Campus News

Energy plan funded

Tim Burgess
Tim Burgess

University earmarks $395,000 to implement committee’s waste-reducing recommendations

UGA administrators are allocating $395,000 to fund a series of steps recommended by a special energy conservation committee to reduce energy usage and cut energy costs on campus.

The money, which will come from existing funding sources in the current fiscal year budget, will be used to conduct energy audits on campus buildings and install equipment to reduce waste; to install equipment to better monitor and control utility usage in buildings; and to investigate use of renewable fuels in campus vehicles and the central steam plant.

Money also will be provided to permanently fund the position of energy engineer in the physical plant. One of the energy engineer’s chief duties is developing and overseeing a campus education/information program on energy conservation.

The energy-saving measures were recommended in a report submitted in June by the Energy Conservation Executive Committee, a group formed earlier in the year by Provost Arnett C. Mace Jr.
and Hank Huckaby, who was senior vice president for finance and administration until his retirement.

Mace and Tim Burgess-Huckaby’s successor-recently sent the committee a letter pledging to make available $395,000 to implement immediately most of the recommendations and provide for continued funding in next year’s budget.

Mace and Burgess said the funds will be made available by transferring or redirecting money in current budgetary accounts or by taking advantage of cost savings in existing major repair and maintenance projects as they are completed. Provisions will be made to continue funding for these initiatives in the next fiscal year.

Tom Adams, chair of the Energy Conservation Executive Committee and director of outreach services for the Faculty of Engineering, said the funding reflects the commitment of UGA faculty, staff and administration to energy conservation efforts.

“We’re of course very grateful for this funding, and we’ve also been delighted and very encouraged by the entire university’s attitude toward energy conservation and the wish to focus on renewable energy,” Adams said. “We have a lot of work to do, but we’re excited and optimistic about the prospects for positive results.”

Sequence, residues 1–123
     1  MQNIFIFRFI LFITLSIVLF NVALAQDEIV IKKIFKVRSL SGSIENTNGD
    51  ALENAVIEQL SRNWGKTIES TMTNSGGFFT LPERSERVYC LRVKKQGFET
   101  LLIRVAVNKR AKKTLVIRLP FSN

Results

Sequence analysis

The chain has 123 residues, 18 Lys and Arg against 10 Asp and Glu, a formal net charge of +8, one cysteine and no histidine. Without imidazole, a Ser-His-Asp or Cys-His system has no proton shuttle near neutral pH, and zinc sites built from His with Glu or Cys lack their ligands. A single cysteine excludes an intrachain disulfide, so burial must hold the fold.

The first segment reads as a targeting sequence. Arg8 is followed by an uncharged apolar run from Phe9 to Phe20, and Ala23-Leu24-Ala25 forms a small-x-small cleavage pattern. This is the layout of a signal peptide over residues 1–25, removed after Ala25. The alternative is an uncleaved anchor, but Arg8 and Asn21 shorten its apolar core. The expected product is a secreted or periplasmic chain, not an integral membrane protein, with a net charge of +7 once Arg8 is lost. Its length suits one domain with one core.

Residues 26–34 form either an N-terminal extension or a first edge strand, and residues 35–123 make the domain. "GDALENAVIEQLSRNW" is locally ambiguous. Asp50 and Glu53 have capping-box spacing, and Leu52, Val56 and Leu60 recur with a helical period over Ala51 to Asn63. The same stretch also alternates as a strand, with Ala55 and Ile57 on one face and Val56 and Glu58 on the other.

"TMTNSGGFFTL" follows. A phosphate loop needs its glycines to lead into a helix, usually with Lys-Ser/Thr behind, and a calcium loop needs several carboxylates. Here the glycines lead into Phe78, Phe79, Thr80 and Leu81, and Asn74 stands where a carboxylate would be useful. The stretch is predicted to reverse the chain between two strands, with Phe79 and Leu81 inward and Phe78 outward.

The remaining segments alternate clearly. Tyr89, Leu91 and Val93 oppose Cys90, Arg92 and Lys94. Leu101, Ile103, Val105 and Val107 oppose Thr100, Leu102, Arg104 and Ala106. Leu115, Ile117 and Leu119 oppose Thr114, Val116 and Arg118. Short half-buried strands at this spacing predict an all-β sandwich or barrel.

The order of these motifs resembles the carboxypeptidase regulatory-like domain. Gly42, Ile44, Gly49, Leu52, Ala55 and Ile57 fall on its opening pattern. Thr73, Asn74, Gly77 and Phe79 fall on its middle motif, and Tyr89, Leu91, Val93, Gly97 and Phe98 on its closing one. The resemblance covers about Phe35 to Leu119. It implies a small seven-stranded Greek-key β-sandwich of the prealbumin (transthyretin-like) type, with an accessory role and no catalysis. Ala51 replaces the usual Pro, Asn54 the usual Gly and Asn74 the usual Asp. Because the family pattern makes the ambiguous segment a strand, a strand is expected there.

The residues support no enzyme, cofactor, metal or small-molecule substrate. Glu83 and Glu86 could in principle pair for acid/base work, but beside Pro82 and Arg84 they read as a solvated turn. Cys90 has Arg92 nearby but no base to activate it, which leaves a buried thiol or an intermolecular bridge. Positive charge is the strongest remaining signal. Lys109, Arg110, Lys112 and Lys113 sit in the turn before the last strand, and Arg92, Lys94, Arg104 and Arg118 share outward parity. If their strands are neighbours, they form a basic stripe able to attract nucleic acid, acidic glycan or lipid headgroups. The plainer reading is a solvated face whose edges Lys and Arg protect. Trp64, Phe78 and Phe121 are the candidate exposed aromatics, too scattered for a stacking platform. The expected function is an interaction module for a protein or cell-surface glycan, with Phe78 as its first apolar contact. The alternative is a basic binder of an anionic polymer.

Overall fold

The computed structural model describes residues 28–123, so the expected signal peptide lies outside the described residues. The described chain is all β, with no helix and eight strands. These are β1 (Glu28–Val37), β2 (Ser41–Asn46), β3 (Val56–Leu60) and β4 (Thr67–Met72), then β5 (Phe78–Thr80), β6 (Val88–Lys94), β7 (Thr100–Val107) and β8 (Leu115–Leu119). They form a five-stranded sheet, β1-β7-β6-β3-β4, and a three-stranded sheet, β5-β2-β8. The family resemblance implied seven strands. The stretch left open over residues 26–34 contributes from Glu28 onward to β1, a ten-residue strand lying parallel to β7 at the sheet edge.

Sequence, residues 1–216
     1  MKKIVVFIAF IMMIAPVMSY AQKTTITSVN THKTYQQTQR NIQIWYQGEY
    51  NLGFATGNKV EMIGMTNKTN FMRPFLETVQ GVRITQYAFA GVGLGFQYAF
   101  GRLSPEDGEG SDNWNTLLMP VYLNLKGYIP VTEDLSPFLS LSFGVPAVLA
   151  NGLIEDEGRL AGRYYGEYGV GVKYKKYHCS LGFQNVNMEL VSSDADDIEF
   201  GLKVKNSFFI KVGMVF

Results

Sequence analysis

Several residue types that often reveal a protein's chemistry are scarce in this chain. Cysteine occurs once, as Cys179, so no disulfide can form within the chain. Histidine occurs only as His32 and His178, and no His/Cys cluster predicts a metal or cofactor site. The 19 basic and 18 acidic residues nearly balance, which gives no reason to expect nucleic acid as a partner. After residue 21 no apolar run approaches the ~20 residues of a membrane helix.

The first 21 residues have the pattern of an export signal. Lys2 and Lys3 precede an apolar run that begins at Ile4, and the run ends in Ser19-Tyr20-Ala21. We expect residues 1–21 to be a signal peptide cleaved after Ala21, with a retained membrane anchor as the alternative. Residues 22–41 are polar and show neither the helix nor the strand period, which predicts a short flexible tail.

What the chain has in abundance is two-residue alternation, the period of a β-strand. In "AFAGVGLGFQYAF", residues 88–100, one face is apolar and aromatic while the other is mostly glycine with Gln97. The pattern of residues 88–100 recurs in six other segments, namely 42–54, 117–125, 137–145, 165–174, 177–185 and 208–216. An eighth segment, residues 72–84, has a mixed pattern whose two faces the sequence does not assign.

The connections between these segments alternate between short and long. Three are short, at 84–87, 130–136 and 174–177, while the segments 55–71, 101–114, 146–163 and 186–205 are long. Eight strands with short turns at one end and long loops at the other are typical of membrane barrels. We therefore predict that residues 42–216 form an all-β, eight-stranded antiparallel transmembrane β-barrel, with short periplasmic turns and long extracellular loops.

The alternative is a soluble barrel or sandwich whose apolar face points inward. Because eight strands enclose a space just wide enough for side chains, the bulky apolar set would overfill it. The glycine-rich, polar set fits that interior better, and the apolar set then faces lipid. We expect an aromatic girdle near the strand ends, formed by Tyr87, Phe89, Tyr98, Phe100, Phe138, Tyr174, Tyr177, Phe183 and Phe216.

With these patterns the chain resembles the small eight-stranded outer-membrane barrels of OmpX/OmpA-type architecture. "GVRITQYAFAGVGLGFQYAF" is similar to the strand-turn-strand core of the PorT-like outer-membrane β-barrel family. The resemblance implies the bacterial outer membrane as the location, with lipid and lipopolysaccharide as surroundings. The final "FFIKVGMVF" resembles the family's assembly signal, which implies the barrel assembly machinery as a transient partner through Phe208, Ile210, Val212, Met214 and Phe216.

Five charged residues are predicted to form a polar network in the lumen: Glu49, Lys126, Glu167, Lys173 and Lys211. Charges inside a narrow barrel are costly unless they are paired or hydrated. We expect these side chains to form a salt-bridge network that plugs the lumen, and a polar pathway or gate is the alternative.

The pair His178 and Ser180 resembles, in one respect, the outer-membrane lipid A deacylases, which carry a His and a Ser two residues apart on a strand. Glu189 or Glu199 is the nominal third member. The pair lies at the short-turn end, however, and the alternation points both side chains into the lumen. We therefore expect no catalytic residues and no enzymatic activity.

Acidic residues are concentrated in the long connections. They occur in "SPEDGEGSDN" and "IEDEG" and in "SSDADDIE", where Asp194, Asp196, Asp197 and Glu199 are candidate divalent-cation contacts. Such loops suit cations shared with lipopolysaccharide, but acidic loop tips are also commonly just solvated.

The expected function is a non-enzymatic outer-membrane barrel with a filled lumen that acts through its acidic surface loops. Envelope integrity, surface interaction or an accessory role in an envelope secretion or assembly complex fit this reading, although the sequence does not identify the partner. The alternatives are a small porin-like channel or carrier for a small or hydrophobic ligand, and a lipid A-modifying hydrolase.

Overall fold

The $395,000 will be allocated as follows:

  • $150,000 to conduct energy audits of buildings and replace or upgrade equipment and systems to increase energy efficiency. A pilot audit on the ecology building last spring identified defects that waste energy and showed that an investment of $48,560 could result in annual savings of about $25,000 per year in energy costs for the building. A similar audit is under way this semester on the Ramsey Student Center and the Driftmier Engineering Center. The committee recommends that up to six audits and modifications be conducted annually. 
  • $60,000 to support a faculty member in the Engineering Outreach Program who will plan and oversee the audits. Preliminary results from the Ramsey Center audit indicate a significant annual energy savings potential (approximately $70,000) with relative low implementation cost.
  • $75,000 to install devices to monitor and control utility usage in buildings. The committee report cited the absence of systems to measure and regulate air flow and usage of water and electricity as a major deficiency in many buildings. New systems will include a steam trap survey program and data collection methods that meet the highest performance standards.
  • $35,000 for research through the Engineering Outreach Program on use of renewable fuel and design of renewable fuel systems for campus vehicles and the steam plant. For immediate needs, the committee recommended investigating “co-fired” fuel for the steam plant-a combination of wood biomass and coal that is less expensive and produces lower emissions than coal alone.
  • $75,000 to permanently fund the energy engineer position in physical plant. The engineer will coordinate the university’s energy-saving efforts and oversee an education program that includes creation of an energy conservation Web site ( Ken Crowe, assistant director for utilities in the physical plant, has been appointed to the position. 

Adams said university administrators have charged the committee to seek outside funding for the conservation program and contacts have been made with the U.S. Department of Energy, the Tennessee Valley Authority and other possible funding sources. For example, UGA will likely be able to get a solar hot water heating project to demonstrate the potential for energy savings that would be at least partially funded with DOE and other grant funding.